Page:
Women's Dress and Activities Post-Women's SuffrageEdit
During the progressive era the clothes changed along with ideas about women. Women in baseball during the progressive period tried out knickers for their uniform for a time. They first wore short skirts and long whole socks and then converted back to long skirts finally to rest upon knickers. Tennis was a sport that was appropriate for women to play, and in the early 1920s, there was a switch to more manageable clothing for women to wear. After the war and women's suffrage a new style came into play: the Flapper, much of which was influenced by film, radio, and women's newly found freedom to vote. This was an outfit that exposed the knee for the first time if stockings were worn, which was not always mandatory. This outfit was worn by young women in the 1920s and oftentimes was not approved of by older men and women of the time. The flapper was less of a style and more of a persona. It described a young revealing woman who did not have a lot of respect for the floor length skirt of yesterday. The flapper showed that women were able to express themselves more and show what they wanted to show of their bodies. Considering the lament in which the author of Flapper Jane describes the flapper, this style was most likely looked down upon by much of the societies in that time period.
- Williams, Fannie Barrier (May 1913). "The Dress Burden". National Association Notes. 16 (5): 8–9 – via Women and Social Movements in the United States, 1600–2000 (ASP).
- Kriebl, Karen Joyce (1998). From Bloomers to Flappers: The American Women's Dress Reform Movement, 1840–1920 (PhD thesis). Ann Arbor, MI, USA: The Ohio State University.
- Freedmen, Estelle B. (1974). "The New Woman: Changing Views of Women in the 1920s". The Journal of American History. 61 (2): 372–393. doi:10.2307/1903954. JSTOR 1903954.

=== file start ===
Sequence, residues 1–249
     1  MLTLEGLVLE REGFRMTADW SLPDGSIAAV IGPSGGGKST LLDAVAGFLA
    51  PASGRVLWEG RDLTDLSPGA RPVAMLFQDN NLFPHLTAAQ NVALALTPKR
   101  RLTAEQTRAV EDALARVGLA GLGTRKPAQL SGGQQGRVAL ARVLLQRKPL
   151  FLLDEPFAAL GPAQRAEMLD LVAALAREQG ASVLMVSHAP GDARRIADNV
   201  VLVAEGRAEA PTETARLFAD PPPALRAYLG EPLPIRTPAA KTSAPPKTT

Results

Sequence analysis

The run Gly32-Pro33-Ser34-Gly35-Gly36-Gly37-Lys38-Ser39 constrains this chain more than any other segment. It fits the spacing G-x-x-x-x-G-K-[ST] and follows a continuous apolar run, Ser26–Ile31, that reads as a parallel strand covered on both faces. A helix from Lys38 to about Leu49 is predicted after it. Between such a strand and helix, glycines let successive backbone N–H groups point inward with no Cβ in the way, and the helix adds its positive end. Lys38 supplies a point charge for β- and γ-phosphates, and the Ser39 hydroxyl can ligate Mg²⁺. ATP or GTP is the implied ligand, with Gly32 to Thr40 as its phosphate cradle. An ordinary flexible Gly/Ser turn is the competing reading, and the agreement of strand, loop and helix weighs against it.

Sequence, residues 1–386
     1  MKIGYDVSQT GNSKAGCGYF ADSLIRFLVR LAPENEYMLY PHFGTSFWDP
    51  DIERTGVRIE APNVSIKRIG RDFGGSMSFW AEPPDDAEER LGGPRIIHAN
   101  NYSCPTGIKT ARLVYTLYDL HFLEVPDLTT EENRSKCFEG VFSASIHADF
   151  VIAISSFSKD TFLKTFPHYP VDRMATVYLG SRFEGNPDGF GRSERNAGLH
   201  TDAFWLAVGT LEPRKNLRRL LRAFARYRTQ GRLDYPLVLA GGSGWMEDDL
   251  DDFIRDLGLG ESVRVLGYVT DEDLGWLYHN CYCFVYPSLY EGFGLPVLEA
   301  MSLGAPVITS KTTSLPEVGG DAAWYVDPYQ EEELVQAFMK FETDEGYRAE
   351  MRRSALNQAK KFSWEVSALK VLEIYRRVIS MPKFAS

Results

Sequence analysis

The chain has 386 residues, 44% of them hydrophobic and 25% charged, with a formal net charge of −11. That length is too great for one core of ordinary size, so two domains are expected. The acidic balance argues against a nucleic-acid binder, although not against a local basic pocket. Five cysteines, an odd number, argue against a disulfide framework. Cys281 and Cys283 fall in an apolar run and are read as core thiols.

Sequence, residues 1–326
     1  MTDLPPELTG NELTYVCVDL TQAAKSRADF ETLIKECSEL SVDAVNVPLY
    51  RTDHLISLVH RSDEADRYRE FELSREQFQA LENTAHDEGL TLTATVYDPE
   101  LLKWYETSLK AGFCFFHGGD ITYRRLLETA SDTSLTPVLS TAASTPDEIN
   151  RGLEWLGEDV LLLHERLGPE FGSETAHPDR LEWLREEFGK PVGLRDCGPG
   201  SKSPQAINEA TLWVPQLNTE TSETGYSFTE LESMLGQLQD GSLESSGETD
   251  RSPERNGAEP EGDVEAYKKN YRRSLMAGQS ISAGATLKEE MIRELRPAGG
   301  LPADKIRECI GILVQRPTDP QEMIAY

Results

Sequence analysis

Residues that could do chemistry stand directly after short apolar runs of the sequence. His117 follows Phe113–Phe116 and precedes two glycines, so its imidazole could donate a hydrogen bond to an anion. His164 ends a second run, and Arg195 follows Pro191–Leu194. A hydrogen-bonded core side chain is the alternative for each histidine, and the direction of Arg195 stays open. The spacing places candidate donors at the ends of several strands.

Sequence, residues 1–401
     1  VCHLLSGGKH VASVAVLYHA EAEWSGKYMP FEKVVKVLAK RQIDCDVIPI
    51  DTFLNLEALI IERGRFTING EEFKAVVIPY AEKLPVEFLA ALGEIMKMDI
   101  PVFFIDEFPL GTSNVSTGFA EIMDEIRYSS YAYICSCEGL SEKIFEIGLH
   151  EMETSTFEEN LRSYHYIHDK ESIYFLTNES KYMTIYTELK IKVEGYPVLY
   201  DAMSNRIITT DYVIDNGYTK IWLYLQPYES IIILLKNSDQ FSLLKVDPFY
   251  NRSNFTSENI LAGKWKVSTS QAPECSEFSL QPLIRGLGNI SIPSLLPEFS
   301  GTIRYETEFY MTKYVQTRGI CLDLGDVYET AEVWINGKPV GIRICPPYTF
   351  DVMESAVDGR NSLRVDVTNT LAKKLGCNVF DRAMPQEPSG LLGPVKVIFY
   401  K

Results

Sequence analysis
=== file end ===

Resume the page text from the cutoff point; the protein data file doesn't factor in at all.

- Darnell, Paula Jean (1997). From Victorian to vamp: Women's clothing, 1900–1925 (M.S> thesis). University of Nevada. Retrieved November 9, 2018 – via ProQuest.
- Madsen, Axel (1990). Chanel: A Woman of Her Own. New York: New York: Henry Holt and Company. p. 329.
- Cunningham, Patricia A. (2015). Reforming Women's Fashion, 1850–1920 : Politics, Health, and Art. The Kent State University Press. ISBN 978-1-63101-099-6.
- Jailer-Chamberlain, Mildred (September 2003). "Flappers in fashion the 1920s". Antiques & Collecting Magazine. 108 (7): 24–30 – via ProQuest.
- "Fashioning the New Woman: 1890–1925". Daughters of the American Revolution. 2014-04-11. Retrieved 2018-11-10.
- Doan, Laura L. (2006). "Topsy-Turvydom: Gender Inversion, Sapphism, and the Great War". GLQ: A Journal of Lesbian and Gay Studies. 12 (4): 517–542. doi:10.1215/10642684-2006-001. ISSN 1527-9375.
- Breward, Christopher (1995-05-15). The Culture of Fashion. Manchester University Press. ISBN 978-0-7190-4125-9.
- Haydu, Jeffery (1985). "Factory Politics in Britain and the United States: Engineers and Machinists, 1914–1919". Comparative Studies in Society and History. 27 (1): 57–85. doi:10.1017/S0010417500013669. JSTOR 178634.
- Ormsby, BLIVEN, Bruce (1925). "Flapper Jane". search.lib.byu.edu. Retrieved 2018-11-10.
This article needs additional or more specific categories. (December 2018)